Collaborators: Harold Chiu, Jing Xie
Conducted at University of Toronto
Collaborators: Harold Chiu, Jing Xie
Conducted at University of Toronto
Online synchronous tutoring allows for immediate engagement between instructors and audiences over distance. However, tutoring physical skills remains challenging because current telepresence approaches may not allow for adequate spatial awareness and viewpoint control of the demonstration activities scattered across an entire work area and the instructor’s sufficient awareness of the audience. We present Asteroids, a novel design space for tangible robotic telepresence, to enable workbench-scale physical embodiments of remote people and tangible interactions by the instructor. With Asteroids, the audience can actively control a swarm of mini-telepresence robots, change camera positions, and switch to other robots’ viewpoints. Demonstrators can perceive the audiences’ physical presence while using tangible manipulations to control the audiences’ viewpoints and presentation flow. We conducted an exploratory evaluation for Asteroids with 12 remote participants in a model-making tutorial scenario with an architectural expert demonstrator. Results suggest our unique features benefited participant engagement, sense of presence, and understanding.
Urban design and planning professionals have long written about the benefits of density. Density in urban areas is what makes mass transit and affordable housing possible. It creates districts that are safe, vibrant and walkable. However, ever since COVID-19 swept across the globe, and people are forced to stay apart from each other more than ever, they start to question the rationale behind these density theories. It’s not hard to understand, as the hardest-hit cities are also the ones that are the most densely populated, even the Governor called the level of density in New York 'destructive’ in the context of this pandemic.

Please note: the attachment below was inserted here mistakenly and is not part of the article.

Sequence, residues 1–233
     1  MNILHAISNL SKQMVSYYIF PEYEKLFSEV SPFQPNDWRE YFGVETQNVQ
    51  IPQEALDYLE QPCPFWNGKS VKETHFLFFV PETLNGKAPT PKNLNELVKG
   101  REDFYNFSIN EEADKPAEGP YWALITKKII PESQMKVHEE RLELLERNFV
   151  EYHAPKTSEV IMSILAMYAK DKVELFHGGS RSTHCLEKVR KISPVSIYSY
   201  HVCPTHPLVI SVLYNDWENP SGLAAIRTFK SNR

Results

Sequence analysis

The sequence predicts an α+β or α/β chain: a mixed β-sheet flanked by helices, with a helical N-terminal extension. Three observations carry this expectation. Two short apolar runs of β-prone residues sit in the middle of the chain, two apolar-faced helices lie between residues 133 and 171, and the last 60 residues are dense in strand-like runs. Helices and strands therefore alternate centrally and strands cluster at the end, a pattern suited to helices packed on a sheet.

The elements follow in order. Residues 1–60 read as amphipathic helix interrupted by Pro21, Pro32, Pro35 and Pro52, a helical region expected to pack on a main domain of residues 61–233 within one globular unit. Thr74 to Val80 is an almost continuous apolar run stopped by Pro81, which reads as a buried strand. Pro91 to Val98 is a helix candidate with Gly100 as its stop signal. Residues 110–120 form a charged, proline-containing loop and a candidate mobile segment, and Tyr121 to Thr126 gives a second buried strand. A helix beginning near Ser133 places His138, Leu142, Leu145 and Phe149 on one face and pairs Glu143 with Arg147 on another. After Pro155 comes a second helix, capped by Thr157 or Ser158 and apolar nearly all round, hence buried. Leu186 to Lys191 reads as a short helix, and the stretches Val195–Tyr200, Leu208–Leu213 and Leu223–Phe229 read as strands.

COVID-19 is challenging many of our long-held beliefs and it wouldn’t be surprising if it transformed our way of building cities. But if density was really the decisive factor for a city to become an epicentre, then why are cities like Hong Kong, Seoul and Singapore have spared themselves from a major outbreak? Are the critics of urban density oversimplifying the issue?
This project seeks to explore the relationship between urban density and the level of COVID-19 severity by comparing the data across different ZIP code zones in New York City.
It is intuitively reasonable to have the view that denser urban areas are more susceptible of becoming epicenters of COVID-19. Because this is what the mass media and government officials tell us. As the hardest hit city in North America, the density of New York City is often highlighted as the one of the major reasons behind its COVID severity. However, based on our analysis, there is no correlation between urban density and covid severity.
Built FAR is the relationship between total amount of usable floor area a building has to the land area. For instance, a high-rise condo might have Built FAR of 50, and a bungalow might have Built FAR of 1. And this metric allows us to measure density consistently.
Here's the built FAR map overlaid with case rate, as we can see, the densest built area in New York City such as lower and midtown Manhattan do not have the highest COVID case rate.
Since COVID is transmitted through human droplets, we looked at another component population density. Surprisingly, when the base map is changed to population density, there is still no clear correlation between the two.
Our linear regression analysis also validated the initial observations.
Here is a map of education level illustrated by colour, with case rate depicted by the proportional symbol map overlaid on top. A more saturated violet colour indicates higher education attainment, and larger dot size represents higher COVID-19 case rate for each neighbourhood.